by Joyce Marcel
American Reporter Correspondent
February 14, 2008
THE WINTER OF MY DISCONTENT
DUMMERSTON, Vt. - As I write this, it's raining ice. Maybe a half a foot of snow and ice has already landed up here in the woods of Dummerston. Our cars are encased in it, and the door to the house is blocked. The satellite dish that brings in our Internet service quit about 20 minutes ago - frozen solid.
"The snow doesn't give a soft white damn whom it touches," said the poet E. E. Cummings. The ice doesn't give a hard white damn.
I fill a watering can with warm - not hot - water, stick a broom under my arm, and crunch out to the satellite dish. As ice pellets rain down on my head, I pour the water over the ice. It cracks. I sweep it away with the broom.
"Winter either bites with its teeth or lashes with its tail," goes the old proverb. Right now, we're being both bitten and lashed. Winter, bite me!
If you happen to see some blue sky out your window today, don't be lulled into thinking Old Man Winter has gone away. He's just taking a break, and Jack Frost is nipping at his toes.
First of all, why is winter an old man?
"Like so many other things, the seasons have often been personified," says The Phrase Finder (phrases.org.uk). "Which one gets to be the charming and seductive woman is open, but for the dour, blustery, punishing end of the year, an old man seems an apt personification."
I think that's an insult to all old men, but then, what do I know? I'm too busy stifling a wintry primal scream.
This week was better than last week, when we didn't see blue sky and sun at all - it was relentlessly a suicidal gray, gray, gray.
I didn't realize how depressed I was getting until the sun came out for a brief moment late one afternoon and someone pointed it out.
"I don't care," I lashed out, to my surprise. "It hasn't come out all week and now it's coming out just to set. It can go to hell!"
The poor guy was just making small talk, and I felt really bad when I saw the startled look on his face. Then I told the story to someone else who laughed and said he knew exactly how I felt.
It's not that I don't love parts of winter. I love fresh white snow with the sun bouncing off it. It reminds me of what Aldous Huxley said about looking at gemstones - the sparkle opens your third eye. I love snow-shoeing and cross-country skiing, too.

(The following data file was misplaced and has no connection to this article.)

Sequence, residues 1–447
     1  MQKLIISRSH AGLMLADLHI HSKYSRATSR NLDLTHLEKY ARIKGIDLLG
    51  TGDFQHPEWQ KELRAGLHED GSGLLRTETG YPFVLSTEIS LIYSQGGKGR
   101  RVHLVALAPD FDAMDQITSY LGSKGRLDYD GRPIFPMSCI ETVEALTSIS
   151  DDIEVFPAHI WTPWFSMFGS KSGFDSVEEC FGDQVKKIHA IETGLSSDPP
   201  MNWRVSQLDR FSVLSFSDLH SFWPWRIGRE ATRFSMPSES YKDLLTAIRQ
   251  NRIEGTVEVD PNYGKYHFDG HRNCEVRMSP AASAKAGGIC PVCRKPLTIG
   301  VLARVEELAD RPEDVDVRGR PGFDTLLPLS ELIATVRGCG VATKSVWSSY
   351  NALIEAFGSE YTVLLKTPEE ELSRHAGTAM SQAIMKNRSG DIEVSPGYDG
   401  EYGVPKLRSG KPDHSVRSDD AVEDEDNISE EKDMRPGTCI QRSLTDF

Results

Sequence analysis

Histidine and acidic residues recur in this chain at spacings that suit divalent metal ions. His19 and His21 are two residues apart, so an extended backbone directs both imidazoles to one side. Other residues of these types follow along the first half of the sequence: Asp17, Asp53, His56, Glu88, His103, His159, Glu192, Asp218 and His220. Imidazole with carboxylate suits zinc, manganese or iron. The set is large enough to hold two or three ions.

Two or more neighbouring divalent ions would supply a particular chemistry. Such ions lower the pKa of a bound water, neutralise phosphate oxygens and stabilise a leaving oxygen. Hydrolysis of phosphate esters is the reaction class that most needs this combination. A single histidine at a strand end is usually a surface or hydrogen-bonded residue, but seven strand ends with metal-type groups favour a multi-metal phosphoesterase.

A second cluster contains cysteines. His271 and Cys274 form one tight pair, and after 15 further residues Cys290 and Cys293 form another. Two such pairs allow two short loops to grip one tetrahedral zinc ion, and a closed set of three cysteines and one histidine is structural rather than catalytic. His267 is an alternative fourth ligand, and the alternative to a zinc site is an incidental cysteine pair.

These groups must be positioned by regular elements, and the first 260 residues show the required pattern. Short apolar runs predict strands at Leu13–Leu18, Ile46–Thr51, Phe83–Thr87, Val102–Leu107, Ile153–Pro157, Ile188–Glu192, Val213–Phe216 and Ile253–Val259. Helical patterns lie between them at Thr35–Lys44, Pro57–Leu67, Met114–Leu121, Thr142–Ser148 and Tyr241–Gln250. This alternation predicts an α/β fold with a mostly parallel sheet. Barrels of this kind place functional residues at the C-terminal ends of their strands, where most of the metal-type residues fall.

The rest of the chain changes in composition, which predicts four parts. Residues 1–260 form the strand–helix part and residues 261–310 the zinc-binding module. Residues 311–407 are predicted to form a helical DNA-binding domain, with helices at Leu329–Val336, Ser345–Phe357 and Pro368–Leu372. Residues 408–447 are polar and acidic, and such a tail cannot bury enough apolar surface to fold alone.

But doesn't this February seem to have been especially gray and unkind? According to The Old Farmer's Almanac, we were supposed to have a fairly normal February here in the Northeast - rain and snow, sun and cold. The almanac didn't talk about not seeing the sun for five days straight, or about how this might affect people with Seasonal Affective Disorder.
"I like these cold, gray winter days," said cartoonist Bill Watterson, who gave us the great "Calvin and Hobbes" strip (and then took it away). "Days like these let you savor a bad mood."
In this, the winter of my discontent, he makes sense.
Of course, we're lucky we're not in China, which is having its worst winter in 50 years. So far 107 people have died there in "driving sleet, freezing temperatures and a blanket of snow across southern China," according to The Times Of London Online (timesonline.co.uk). The Associated Press says Chinese insurance companies have already paid out over $167 million, and "Millions more in claims are pending. Total damage is estimated at 111.1 billion yuan ($15.5 billion)."
But I won't gloat. It may be China this year, but it may be us in 2009.
In "An Affair to Remember," Deborah Kerr says, "Winter must be cold for those with no warm memories." The implication of that is that I must be a bad person to dislike this winter so much. But I have warm memories galore; it's just that they don't mean much when I'm negotiating my hilly road when it's a sheet of ice that hasn't been sanded all day, or when the car in front of my husband's spins out 360 degrees. After all, as the Welsh poet George Herbert said, "Every mile is two in winter."
And then the phones and the power go out.
Some of us are happy because the Red Sox are reporting to spring training. After all, Bill Veeck said, "There are only two seasons - winter and Baseball."
But to me right now, that's just putting a good face on a bad month. Which many poets do. "Sometimes our fate resembles a fruit tree in winter," Goethe said. "Who would think that those branches would turn green again and blossom, but we hope it, we know it."
And Percy Bysshe Shelley said rapturously, "O, wind, if winter comes, can spring be far behind?"
But I'm with Ezra Pound: "Winter is icumen in/Lhude sing Goddamm/Raineth drop and staineth slop/And how the wind doth ramm!/Sing:Goddam,"
Yes, this is the winter of my discontent.
"Winter lies too long in country towns; hangs on until it is stale and shabby, old and sullen," said Willa Cather, and I, who am getting more stale, shabby, old and sullen by the hour, agree with her.
And so I sing Goddam!
A collection of Joyce Marcel's columns, "A Thousand Words or Less," is available through joycemarcel.com. And write her at firstname.lastname@example.org.